To appear in IEEE Transactions on Circuits and Systems for Video Technology, September 2007. 11layer coding decisions on the rate-distortion efficiency of theenhancement layers are presented in [40]. The algorithm determinesthe base layer coding parameters using a weightedsum of the Lagrangian costs for base and enhancement layer.Via the corresponding weighting factor it is possible to tradeoffbase and enhancement layer coding efficiency. In Fig. 7, anexample result for spatial scalable coding with hierarchical Bpictures and a GOP size of 16 pictures is shown. Four scalablebit streams have been coded with both the JSVM and the optimizedencoder control. The quantization parameter QP E forthe enhancement layer was set to QP B + 4, with QP B being thequantization parameter for the base layer. With the optimizedencoder control the SVC coding efficiency can be controlledin a way that the bit rate increase relative to single layer codingfor the same fidelity is always less or equal to 10% for both thebase and the enhancement layer.C. Quality scalabilityQuality scalability can be considered as a special case ofspatial scalability with identical picture sizes for base and enhancementlayer. As already mentioned in sec. V.B, this caseis supported by the general concept for spatial scalable codingand it is also referred to as coarse-grain quality scalable coding(CGS). The same inter-layer prediction mechanisms as forspatial scalable coding are employed, but without using thecorresponding upsampling operations and the inter-layer deblockingfor intra-coded reference layer macroblocks. Furthermore,the inter-layer intra and residual prediction are directlyperformed in the transform domain. When utilizing inter-layerprediction for coarse-grain quality scalability in SVC,a refinement of texture information is typically achieved by requantizingthe residual texture signal in the enhancement layerwith a smaller quantization step size relative to that used forthe preceding CGS layer.However, this multi-layer concept for quality scalable codingonly allows a few selected bit rates to be supported in ascalable bit stream. In general, the number of supported ratepoints is identical to the number of layers. Switching betweendifferent CGS layers can only be done at defined points in thebit stream (cp. sec. VI). Furthermore, as will be demonstratedin sec. V.C.4, the multi-layer concept for quality scalable codingbecomes less efficient, when the relative rate differencebetween successive CGS layers gets smaller.Especially for increasing the flexibility of bit stream adaptationand error robustness, but also for improving the codingefficiency for bit streams that have to provide a variety of bitrates, a variation of the CGS approach, which is also referredto as medium-grain quality scalability (MGS), is included inthe SVC design. The differences to the CGS concept are amodified high-level signaling (cp. sec. VI), which allows aswitching between different MGS layers in any access unit,and the so-called key picture concept (cp. sec. V.C.1), whichallows the adjustment of a suitable trade-off between drift andenhancement layer coding efficiency for hierarchical predictionstructures. With the MGS concept, any enhancement layerNAL unit can be discarded from a quality scalable bit stream,and thus packet-based quality scalable coding is provided.SVC additionally provides the possibility to distribute the enhancementlayer transform coefficients among several slices.To this end, the first and the last scan index for transform coefficientsare signaled in the slice headers, and the slice dataonly include transform coefficient levels for scan indices insidethe signaled range. Thus, the information for a qualityrefinement picture that corresponds to a certain quantizationsteps size can be distributed over several NAL units correspondingto different quality refinement layers with each ofthem containing refinement coefficients for particular transformbasis functions only (cp. [41]). In addition, the macroblocksof a picture (and a quality refinement layer) can be partitionedinto several slices as in standard H.264/AVC.1) Controlling drift in quality scalable codingThe process of motion-compensated prediction for packetbasedquality scalable coding has to be carefully designed,since it determines the trade-off between enhancement layercoding efficiency and drift (cp. [42]). Drift describes the effectthat the motion-compensated prediction loops at encoder anddecoder are not synchronized, e.g., because quality refinementpackets are discarded from a bit stream. Fig. 8 illustrates differentconcepts for trading off enhancement layer coding efficiencyand drift for packet-based quality scalable coding.(a)(c)Fig. 8. Various concepts for trading off enhancement layer coding efficiencyand drift for packet-based quality scalable coding: (a) base layer only control,(b) enhancement layer only control, (c) two-loop control, (d) key pictureconcept of SVC for hierarchical prediction structures, where key pictures aremarked by the hatched boxes.For fine-grain quality scalable (FGS) coding in MPEG-4Visual, the prediction structure was chosen in a way that driftis completely omitted. As illustrated in Fig. 8a, motion compensationin MPEG-4 FGS is only performed using the baselayer reconstruction as reference, and thus any loss or modificationof a quality refinement packet doesn’t have any impacton the motion compensation loop. The drawback of this approach,however, is that it significantly decreases enhancementlayer coding efficiency in comparison to single-layer coding.Since only base layer reconstruction signals are used for motion-compensatedprediction, the portion of bit rate that isspent for encoding MPEG-4 FGS enhancement layers of apicture cannot be exploited for the coding of following picturesthat use this picture as reference.For quality scalable coding in H.262 | MPEG-2 Video, the(b)(d)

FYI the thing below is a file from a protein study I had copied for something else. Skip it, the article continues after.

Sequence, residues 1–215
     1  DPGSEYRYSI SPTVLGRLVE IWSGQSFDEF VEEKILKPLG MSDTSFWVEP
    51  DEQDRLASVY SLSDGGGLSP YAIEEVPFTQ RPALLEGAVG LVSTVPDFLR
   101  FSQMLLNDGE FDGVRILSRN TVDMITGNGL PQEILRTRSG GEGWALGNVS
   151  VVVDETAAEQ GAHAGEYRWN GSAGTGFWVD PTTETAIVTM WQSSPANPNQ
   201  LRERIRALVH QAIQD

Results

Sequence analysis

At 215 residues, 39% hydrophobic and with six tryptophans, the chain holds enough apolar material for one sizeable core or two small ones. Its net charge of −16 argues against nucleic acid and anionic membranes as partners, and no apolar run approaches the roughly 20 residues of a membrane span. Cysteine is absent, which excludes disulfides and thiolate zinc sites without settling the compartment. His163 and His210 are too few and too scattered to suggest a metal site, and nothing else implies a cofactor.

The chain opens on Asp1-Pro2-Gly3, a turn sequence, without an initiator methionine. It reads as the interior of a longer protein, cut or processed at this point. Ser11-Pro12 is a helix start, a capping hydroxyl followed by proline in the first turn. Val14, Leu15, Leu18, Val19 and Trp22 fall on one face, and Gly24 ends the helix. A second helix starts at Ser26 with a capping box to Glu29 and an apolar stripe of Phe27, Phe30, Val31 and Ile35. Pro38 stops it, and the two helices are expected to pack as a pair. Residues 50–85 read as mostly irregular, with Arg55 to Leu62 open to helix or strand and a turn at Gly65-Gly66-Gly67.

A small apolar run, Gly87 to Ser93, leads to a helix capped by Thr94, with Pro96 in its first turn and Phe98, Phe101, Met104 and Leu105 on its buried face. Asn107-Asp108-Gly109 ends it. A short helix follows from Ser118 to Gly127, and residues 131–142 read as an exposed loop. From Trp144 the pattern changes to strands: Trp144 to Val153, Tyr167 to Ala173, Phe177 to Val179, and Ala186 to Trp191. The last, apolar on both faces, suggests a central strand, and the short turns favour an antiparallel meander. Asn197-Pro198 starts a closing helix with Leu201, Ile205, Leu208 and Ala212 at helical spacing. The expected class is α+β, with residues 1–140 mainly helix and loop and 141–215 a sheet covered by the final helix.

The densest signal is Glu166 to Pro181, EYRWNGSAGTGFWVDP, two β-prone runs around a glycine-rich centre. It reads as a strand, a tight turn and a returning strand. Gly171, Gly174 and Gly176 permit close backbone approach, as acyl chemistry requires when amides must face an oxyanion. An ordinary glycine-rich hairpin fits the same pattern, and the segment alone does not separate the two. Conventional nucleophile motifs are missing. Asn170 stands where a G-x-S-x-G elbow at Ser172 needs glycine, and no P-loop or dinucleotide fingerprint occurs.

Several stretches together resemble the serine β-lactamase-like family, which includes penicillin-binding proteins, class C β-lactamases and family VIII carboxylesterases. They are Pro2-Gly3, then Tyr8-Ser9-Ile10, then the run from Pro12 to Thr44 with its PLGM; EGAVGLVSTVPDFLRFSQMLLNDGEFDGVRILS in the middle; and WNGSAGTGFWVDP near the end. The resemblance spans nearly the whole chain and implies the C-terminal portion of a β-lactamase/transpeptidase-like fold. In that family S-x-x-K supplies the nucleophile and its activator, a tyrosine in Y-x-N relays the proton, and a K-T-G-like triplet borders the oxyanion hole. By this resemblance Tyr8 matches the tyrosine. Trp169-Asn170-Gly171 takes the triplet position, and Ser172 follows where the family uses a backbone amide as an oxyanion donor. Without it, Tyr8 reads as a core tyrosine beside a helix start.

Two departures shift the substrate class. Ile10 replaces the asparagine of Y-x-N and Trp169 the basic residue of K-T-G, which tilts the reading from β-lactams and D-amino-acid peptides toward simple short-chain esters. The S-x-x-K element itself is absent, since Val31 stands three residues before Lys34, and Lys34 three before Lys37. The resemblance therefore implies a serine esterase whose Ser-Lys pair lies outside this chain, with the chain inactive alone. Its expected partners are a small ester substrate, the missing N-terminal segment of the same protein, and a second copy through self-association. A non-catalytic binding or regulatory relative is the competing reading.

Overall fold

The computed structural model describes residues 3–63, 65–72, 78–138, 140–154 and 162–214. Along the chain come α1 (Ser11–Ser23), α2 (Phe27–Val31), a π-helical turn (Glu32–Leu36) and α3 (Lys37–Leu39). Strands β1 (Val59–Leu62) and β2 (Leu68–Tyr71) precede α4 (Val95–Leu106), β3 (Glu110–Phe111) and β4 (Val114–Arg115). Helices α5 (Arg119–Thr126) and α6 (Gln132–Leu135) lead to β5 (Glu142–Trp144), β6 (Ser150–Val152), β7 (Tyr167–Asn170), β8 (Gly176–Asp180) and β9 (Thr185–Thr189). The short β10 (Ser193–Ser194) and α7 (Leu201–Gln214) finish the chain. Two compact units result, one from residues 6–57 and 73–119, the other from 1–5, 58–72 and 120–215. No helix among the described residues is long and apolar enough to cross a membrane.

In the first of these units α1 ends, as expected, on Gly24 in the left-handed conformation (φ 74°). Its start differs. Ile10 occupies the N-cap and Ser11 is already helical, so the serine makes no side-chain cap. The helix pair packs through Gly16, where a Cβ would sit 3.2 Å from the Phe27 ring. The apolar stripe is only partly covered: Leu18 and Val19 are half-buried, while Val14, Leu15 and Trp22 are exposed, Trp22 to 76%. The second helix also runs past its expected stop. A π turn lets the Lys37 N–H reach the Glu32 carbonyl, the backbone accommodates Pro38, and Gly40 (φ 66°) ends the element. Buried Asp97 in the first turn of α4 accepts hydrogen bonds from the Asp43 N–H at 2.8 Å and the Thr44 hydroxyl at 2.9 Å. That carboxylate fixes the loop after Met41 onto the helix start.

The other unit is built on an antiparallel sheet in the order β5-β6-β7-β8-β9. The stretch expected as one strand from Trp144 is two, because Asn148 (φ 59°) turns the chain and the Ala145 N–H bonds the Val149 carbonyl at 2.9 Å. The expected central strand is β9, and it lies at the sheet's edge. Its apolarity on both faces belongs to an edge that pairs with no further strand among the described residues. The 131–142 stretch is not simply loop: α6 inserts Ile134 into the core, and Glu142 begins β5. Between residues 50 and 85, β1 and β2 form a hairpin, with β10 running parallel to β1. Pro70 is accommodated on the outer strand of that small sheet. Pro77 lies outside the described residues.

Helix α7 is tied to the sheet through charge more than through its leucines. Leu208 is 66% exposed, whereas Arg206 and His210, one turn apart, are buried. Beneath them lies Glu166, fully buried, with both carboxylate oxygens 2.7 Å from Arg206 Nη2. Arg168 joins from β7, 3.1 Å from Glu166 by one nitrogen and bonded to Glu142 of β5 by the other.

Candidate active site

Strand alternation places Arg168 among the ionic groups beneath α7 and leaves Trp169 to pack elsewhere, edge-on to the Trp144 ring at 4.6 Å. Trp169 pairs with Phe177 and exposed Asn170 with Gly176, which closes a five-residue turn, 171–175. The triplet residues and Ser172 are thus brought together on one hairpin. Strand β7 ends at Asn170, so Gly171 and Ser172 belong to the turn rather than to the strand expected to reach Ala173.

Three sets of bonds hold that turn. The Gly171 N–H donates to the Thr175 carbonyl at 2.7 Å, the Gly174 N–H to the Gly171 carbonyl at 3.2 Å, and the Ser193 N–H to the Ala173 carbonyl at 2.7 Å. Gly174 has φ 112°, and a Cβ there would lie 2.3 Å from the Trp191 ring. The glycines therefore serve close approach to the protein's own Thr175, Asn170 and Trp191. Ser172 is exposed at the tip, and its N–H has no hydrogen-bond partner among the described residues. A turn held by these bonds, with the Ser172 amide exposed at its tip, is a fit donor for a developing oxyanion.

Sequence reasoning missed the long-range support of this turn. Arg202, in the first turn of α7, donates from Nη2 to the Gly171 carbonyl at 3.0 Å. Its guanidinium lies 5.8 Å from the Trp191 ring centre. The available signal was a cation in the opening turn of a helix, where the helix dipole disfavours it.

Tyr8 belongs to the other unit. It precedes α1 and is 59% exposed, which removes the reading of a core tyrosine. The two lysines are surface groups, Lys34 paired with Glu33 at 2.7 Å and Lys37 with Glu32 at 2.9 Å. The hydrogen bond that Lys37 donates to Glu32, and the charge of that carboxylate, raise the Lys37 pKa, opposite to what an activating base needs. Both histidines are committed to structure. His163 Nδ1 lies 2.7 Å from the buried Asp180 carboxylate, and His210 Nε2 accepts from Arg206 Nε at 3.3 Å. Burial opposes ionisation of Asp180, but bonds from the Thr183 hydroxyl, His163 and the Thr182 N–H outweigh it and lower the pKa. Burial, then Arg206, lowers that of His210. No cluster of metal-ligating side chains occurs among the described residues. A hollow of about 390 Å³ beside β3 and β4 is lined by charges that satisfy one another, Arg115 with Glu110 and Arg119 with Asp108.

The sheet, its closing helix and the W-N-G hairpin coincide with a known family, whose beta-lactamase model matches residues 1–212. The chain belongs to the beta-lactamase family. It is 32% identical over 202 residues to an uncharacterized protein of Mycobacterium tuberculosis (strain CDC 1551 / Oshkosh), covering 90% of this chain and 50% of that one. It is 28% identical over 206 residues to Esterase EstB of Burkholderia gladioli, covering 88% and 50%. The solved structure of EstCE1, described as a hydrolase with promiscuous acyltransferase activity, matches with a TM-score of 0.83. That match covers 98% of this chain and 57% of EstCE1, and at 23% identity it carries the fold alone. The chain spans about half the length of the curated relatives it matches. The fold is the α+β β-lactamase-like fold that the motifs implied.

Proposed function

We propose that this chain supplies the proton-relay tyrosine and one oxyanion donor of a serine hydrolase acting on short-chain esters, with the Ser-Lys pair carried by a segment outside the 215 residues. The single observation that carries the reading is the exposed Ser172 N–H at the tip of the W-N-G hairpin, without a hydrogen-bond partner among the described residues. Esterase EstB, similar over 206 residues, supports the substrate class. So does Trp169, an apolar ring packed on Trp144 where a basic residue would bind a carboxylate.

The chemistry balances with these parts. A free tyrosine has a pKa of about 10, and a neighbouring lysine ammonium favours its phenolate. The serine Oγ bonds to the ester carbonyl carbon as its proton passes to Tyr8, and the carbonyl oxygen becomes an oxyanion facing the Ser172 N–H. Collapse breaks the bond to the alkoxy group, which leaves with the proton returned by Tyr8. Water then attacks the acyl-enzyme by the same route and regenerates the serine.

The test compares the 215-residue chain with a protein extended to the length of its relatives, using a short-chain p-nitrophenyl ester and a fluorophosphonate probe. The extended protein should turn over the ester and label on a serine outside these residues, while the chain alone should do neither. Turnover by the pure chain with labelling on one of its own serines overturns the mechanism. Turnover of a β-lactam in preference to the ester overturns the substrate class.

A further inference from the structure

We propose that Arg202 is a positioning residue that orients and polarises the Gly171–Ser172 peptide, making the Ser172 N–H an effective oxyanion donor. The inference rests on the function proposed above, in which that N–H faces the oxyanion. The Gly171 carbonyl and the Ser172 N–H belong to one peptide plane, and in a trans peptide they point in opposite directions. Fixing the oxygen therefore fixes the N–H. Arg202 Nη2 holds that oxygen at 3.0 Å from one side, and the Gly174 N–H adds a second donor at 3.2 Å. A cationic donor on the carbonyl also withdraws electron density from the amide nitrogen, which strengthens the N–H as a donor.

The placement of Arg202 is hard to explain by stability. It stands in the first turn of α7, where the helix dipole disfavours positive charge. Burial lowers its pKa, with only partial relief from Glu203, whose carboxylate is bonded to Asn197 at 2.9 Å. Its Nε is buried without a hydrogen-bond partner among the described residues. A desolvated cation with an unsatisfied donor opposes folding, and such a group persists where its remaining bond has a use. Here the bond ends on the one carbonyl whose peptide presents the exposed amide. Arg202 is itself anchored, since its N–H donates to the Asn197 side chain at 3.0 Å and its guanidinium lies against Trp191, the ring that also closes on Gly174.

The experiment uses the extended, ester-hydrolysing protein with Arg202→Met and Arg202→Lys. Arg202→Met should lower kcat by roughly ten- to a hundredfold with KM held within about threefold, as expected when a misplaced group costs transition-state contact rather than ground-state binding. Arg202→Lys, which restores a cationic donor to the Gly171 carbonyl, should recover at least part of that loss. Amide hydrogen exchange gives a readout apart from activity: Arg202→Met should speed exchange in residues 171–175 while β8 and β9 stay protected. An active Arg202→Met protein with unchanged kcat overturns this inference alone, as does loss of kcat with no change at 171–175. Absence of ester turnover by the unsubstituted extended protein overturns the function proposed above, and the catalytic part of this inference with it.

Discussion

To appear in IEEE Transactions on Circuits and Systems for Video Technology, September 2007. 12other extreme case of possible prediction structures was specified.Here, the reference with the highest available quality isalways employed for motion-compensated prediction as depictedin Fig. 8b 4 . This enables highly efficient enhancementlayer coding and ensures low complexity, since only a singlereference picture needs to be stored for each time instant.However, any loss of quality refinement packets results in adrift 5 that can only be controlled by intra updates.As an alternative, a concept with two motion compensationloops as illustrated in Fig. 8c could be employed. This conceptis similar to spatial scalable coding as specified inH.262 | MPEG-2 Video, H.263, and MPEG-4 Visual. Althoughthe base layer is not influenced by packet losses in theenhancement layer, any loss of a quality refinement packetresults in a drift for the enhancement layer reconstruction.For MGS coding in SVC an alternative approach using socalledkey pictures [21] has been introduced. For each picturea flag is transmitted, which signals whether the base qualityreconstruction or the enhancement layer reconstruction of thereference pictures is employed for motion-compensated prediction.In order to limit the memory requirements, a secondsyntax element signals whether the base quality representationof a picture is additionally reconstructed and stored in the decodedpicture buffer. In order to limit the decoding overheadfor such key pictures, SVC specifies that motion parametersmust not change between the base and enhancement layer representationsof key pictures, and thus also for key pictures, thedecoding can be done with a single motion-compensation loop.Fig. 8d illustrates how the key picture concept can be efficientlycombined with hierarchical prediction structures.All pictures of the coarsest temporal layer are transmitted askey pictures, and only for these pictures the base quality reconstructionis inserted in the decoded picture buffer. Thus, nodrift is introduced in the motion compensation loop of thecoarsest temporal layer. In contrast to that, all temporal refinementpictures typically use the reference with the highestavailable quality for motion-compensated prediction, whichenables a high coding efficiency for these pictures. Since thekey pictures serve as re-synchronization points between encoderand decoder reconstruction, drift propagation is efficientlylimited to neighboring pictures of higher temporal layers.The trade-off between enhancement layer coding efficiencyand drift can be adjusted by the choice of the GOP sizeor the number of hierarchy stages. It should be noted that boththe quality scalability structure in H.262 | MPEG-2 Video (nopicture is coded as key picture) and the FGS coding approachin MPEG-4 Visual (all pictures are coded as key pictures) basicallyrepresent special cases of the SVC key picture concept.4 For a generalization of the basic concept, Fig. 8b indicates (by dashed arrows)that motion parameters may be changed between base and enhancementlayer, although this is not supported in H.262 | MPEG-2 Video.5 Since H.262 | MPEG-2 Video does not allow partial discarding of qualityrefinement packets inside a video sequence, the drift issue can be completelyavoided in conforming H.262 | MPEG-2 Video bit streams by controlling thereconstruction quality of both the base and the enhancement layer duringencoding (cp. sec. V.C.4).2) Encoder controlAs described in the previous section, except for key pictures,motion-compensated prediction for quality scalable codingis always performed by employing the highest availablequality of the corresponding reference pictures. However, duringthe encoding process for MGS layers it is not known whatrepresentation will be available in the decoder. The encoderhas to decide what reference it will use for motion estimation,mode decision, and the determination of the residual signal tobe coded (motion compensation). This decision influences thecoding efficiency for the supported rate points. Several investigations[44][45] turned out that a good coding efficiency isusually obtained when the prediction loop in the encoder isclosed at the highest rate point, i.e., for the processes of motionestimation, mode decision, and motion compensation thereferences with the highest reconstruction quality are employed.Note that this is different from so-called open-loopcoding where the original of the reference pictures is used. In[44][45] it is additionally pointed out that the coding efficiencyof the base layer can be improved by a two-loop encodercontrol, in which the base layer residual to be coded isdetermined by a second motion compensation process forwhich the base layer references are used. The impact on enhancementlayer coding efficiency is typically small. In orderto further improve the enhancement layer coding efficiency,the optimized encoder control mentioned in sec. V.B.5 canalso be employed for quality scalable coding.3) Bit stream extractionFor extracting a sub-stream with a particular average bit ratefrom a given quality scalable bit stream (using the MGS approach)usually a huge number of possibilities exist. The sameaverage bit rate can be adjusted by discarding different qualityrefinement NAL units. Thus, the obtained average reconstructionerror that corresponds to the given target bit rate may dependon the used extraction method. A very simple methodmay consist of randomly discarding MGS refinement packetsuntil the requested bit rate is reached. Alternatively, in a moresophisticated method, a priority identifier is assigned to eachcoded slice NAL unit by an encoder. During the bit streamextraction process, at first, coded slice NAL units with thelowest priority are discarded, and when the target bit rate is notalready reached coded slice NAL units of the next priorityclass are discarded, etc. The priority identifiers can either befixed by the encoder based on the employed coder structure ordetermined by a rate-distortion analysis. The SVC syntax (cp.sec. VI) provides different means for including such priorityinformation in a bit stream. For more detailed informationabout the concept of optimized bit stream extraction, which isalso referred to as priority layers, the reader is referred to [46].4) Coding efficiencyIn a first experiment the different concepts for controllingdrift, as discussed in sec. V.C.1, are evaluated for hierarchicalB pictures with a GOP size of 16 pictures. With exception ofthe 2-loop control, all configurations could be realized with anSVC compliant encoder. Results for the sequences "City" and